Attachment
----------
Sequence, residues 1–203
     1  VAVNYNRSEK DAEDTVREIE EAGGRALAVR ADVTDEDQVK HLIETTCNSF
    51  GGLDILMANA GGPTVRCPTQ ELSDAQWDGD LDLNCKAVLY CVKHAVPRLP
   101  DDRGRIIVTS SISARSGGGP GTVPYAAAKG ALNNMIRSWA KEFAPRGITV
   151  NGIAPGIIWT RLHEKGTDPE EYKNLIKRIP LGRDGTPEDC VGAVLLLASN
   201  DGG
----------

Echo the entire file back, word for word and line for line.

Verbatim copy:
Sequence, residues 1–203
     1  VAVNYNRSEK DAEDTVREIE EAGGRALAVR ADVTDEDQVK HLIETTCNSF
    51  GGLDILMANA GGPTVRCPTQ ELSDAQWDGD LDLNCKAVLY CVKHAVPRLP
   101  DDRGRIIVTS SISARSGGGP GTVPYAAAKG ALNNMIRSWA KEFAPRGITV
   151  NGIAPGIIWT RLHEKGTDPE EYKNLIKRIP LGRDGTPEDC VGAVLLLASN
   201  DGG